An analysis of accidents showed that fatal accidents were more likely to occur when operations were started up before all was completely ready. It was also apparent that in the case of many accidents, someone had had some degree of prior concern or uneasiness about the situation but had not felt empowered to take action. So we sent out a strong message to all operations over my signature saying that anyone had a right to stop an operation if they felt that it was unsafe and that it was more important to ensure that all was ready – training and testing complete – than to meet a promised deadline.
For two or more years after that when I attended town hall type meetings with people on operations around the world, I found that at some point there would be a question along the lines of ‘Mark, are we not sending out mixed messages on the importance of production versus safety?’ Initially I was a bit irritated by the question, pointing to the letter I had signed and which I thought was absolutely clear. Could people not read? Very soberingly, I soon realised that it was not that people had not read my letter, but that they still had some doubts about what it really meant. Not to put too fine a point on it, they did not really believe the words or that I really meant what I said. The answer was not to make the message more strident, but to find operations that had been shut down for safety reasons or where start-up had been delayed and draw attention to them, publicly commending those concerned. If people see an action clearly costing the company money and yet which attracts commendation, they believe the message.
Bader offers some practical tips for anyone who wants to be a pragmatic, corporate idealist or change-maker. She emphasises the importance of getting to know key colleagues and engaging internal stakeholders; using language and arguments that they can relate to; of having emotional intelligence and capacity to be a good listener; and the value sometimes of getting external voices to make your case.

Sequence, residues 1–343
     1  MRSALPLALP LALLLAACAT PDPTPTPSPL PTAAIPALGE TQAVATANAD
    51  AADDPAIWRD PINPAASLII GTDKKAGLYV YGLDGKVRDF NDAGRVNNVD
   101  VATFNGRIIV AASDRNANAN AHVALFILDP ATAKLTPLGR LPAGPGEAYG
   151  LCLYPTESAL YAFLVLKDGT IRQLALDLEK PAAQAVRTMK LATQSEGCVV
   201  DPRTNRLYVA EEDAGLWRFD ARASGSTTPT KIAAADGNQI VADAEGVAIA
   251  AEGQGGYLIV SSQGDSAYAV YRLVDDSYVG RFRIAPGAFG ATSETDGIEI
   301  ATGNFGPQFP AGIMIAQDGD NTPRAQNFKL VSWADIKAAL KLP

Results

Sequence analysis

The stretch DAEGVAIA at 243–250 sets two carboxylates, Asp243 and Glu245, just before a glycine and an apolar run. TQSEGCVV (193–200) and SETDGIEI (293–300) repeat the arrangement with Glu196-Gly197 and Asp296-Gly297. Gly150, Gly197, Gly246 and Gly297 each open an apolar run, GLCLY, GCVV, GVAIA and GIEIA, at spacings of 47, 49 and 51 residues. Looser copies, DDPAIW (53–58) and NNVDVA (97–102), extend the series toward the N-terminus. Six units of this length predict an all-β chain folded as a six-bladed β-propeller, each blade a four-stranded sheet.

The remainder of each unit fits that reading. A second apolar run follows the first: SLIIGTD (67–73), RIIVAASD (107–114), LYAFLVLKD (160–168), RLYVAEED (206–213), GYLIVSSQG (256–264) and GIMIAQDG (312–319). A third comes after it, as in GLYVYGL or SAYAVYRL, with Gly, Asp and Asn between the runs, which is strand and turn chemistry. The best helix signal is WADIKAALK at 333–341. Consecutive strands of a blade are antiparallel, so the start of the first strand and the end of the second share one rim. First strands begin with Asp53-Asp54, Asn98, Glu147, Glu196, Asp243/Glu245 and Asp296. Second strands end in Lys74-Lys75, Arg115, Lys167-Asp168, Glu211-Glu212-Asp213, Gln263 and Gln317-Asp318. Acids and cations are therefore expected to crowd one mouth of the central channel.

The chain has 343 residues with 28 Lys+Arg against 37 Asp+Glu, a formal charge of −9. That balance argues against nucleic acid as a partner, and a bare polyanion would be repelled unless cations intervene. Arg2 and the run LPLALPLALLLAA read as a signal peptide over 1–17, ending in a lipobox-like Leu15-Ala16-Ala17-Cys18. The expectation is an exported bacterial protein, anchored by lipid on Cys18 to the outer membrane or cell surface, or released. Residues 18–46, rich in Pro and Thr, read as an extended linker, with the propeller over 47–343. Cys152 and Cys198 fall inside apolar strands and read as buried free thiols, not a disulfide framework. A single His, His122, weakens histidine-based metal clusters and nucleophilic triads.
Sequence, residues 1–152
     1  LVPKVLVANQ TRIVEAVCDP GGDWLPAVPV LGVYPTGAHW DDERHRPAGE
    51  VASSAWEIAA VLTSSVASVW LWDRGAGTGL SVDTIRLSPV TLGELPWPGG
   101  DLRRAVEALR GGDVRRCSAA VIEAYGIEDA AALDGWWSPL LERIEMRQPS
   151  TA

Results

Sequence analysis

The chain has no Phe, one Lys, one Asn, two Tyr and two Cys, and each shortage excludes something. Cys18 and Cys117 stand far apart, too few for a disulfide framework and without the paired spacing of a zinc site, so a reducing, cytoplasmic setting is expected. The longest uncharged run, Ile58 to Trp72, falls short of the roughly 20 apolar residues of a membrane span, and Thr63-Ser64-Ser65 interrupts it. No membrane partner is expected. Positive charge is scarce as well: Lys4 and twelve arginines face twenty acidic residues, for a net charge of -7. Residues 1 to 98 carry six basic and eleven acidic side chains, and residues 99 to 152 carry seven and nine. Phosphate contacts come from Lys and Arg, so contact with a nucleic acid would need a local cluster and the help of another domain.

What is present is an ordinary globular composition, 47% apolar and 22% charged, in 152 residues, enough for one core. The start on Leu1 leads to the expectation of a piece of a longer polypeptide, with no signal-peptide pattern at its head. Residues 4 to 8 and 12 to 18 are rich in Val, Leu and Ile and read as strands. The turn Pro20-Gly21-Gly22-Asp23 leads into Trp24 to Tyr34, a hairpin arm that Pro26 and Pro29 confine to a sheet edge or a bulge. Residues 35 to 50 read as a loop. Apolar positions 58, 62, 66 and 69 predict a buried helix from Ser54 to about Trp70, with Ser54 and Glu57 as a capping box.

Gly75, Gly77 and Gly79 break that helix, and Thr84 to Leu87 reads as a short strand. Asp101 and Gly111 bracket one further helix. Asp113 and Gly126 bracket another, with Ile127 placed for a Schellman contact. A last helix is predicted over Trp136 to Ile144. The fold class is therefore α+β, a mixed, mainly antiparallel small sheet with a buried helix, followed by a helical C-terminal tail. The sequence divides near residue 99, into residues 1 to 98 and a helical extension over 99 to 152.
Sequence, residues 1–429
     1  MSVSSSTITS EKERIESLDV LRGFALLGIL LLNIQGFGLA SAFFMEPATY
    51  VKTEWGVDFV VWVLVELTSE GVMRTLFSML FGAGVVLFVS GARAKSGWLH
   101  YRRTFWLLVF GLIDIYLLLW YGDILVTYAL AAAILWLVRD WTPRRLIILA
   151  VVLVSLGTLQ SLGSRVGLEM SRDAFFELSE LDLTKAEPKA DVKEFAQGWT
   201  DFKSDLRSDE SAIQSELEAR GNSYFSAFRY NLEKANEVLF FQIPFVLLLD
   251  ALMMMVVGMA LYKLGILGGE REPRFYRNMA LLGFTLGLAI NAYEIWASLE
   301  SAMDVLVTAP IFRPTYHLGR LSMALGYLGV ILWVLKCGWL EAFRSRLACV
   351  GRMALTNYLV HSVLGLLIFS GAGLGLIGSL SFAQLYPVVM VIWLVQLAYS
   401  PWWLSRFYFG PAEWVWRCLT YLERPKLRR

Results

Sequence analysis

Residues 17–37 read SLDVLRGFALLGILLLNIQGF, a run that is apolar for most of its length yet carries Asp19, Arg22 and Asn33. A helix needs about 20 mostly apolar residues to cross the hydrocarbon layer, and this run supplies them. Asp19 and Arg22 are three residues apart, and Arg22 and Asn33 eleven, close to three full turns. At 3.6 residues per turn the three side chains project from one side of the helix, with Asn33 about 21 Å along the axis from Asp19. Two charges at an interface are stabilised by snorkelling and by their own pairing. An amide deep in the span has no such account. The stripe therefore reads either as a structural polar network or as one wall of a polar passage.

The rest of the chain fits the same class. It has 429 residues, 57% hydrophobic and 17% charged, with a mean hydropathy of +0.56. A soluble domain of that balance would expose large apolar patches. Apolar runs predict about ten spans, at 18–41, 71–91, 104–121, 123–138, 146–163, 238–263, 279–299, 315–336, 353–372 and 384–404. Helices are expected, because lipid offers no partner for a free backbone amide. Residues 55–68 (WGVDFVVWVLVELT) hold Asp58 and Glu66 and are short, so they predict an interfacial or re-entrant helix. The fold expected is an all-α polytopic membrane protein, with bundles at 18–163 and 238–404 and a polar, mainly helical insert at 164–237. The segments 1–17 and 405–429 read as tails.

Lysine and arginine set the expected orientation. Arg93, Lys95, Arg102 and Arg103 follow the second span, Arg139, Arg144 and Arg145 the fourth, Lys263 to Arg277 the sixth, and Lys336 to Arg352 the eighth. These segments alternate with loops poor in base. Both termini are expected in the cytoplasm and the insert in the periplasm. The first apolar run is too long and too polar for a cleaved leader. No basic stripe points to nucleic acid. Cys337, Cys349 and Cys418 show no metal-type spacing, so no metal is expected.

I suspect that both Bader and Moody-Stuart would recognise and empathise with the following:
There is a fundamental change under way regarding how global problems can be solved, and perhaps how we govern ourselves on this shrinking planet.
Emerging non-state networks of civil society, private sector, government and individual stakeholders are achieving new forms of cooperation, social change and even the production of global public value. They address every conceivable issue facing humanity from poverty, human rights, health and the environment, to economic policy, war and even the governance of the internet itself.
Enabled by the digital revolution and required by the challenges facing traditional global institutions, these networks are now proliferating across the planet and increasingly having an important impact in solving global problems and enabling global cooperation and governance. Call them Global Solution Networks.”
This quotation comes from a context-setting white paper prepared by a team led by the Canadian writer Don Tapscott, for a multi-year research programme being run by the Martin Prosperity Institute, at Rotman School of Management in Toronto.
This programme is seeking to map the kind of world that both Christine Bader and Mark Moody-Stuart are helping to create and some of the drivers for which they describe in their respective books. Understanding these new Global Solution Networks, identifying the critical success factors for making them work, and the skills that individuals from different sectors need to be effective in them, will all help to make the kind of multi-stakeholder collaborations embraced by Bader and Moody-Stuart, more viable and effective.
These collaborations and multistakeholder, often multisector, initiatives in some measure can be an alternative, sometimes superior, approach to governance. They cannot, however, fill the governance vacuum entirely. If the old dual polarity of markets or regulation is now transformed into something far more varied, regulation, effectively and fairly enforced, still has an important place.
Prof David Grayson is director of the Doughty centre for corporate responsibility at the Cranfield School of Management.
 Global Solution Networks Understanding the New Multi Stakeholder Models for Global Cooperation, Problem Solving and Governance, Martin Prosperity Institute, 2013, White Paper draft 3. For further information on this multi-year, international research project being conducted by Don Tapscott for the Rotman School of Management, Toronto. [see: http://gsnetworks.org]David Grayson Essay global business global CR strategy
May 2014, London, UK
Make sustainable innovation add to your bottom line. 15+ CEOs and C-Suite from leading multinationals plus heads of CSR will discuss the future of sustainability